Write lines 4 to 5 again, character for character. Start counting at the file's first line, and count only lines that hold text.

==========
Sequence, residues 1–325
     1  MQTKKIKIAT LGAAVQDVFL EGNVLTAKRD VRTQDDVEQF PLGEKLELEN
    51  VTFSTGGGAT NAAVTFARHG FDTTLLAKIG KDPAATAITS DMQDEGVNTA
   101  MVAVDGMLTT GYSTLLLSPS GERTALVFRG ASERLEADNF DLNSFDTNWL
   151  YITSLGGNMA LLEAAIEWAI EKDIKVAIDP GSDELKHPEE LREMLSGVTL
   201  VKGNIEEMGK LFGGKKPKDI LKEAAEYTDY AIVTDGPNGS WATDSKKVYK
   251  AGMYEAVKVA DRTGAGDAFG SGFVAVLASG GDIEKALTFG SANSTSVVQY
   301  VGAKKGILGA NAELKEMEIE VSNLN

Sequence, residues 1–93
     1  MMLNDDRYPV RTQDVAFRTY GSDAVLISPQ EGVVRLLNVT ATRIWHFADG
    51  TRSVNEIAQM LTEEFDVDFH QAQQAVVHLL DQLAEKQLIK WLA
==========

   101  MVAVDGMLTT GYSTLLLSPS GERTALVFRG ASERLEADNF DLNSFDTNWL
   151  YITSLGGNMA LLEAAIEWAI EKDIKVAIDP GSDELKHPEE LREMLSGVTL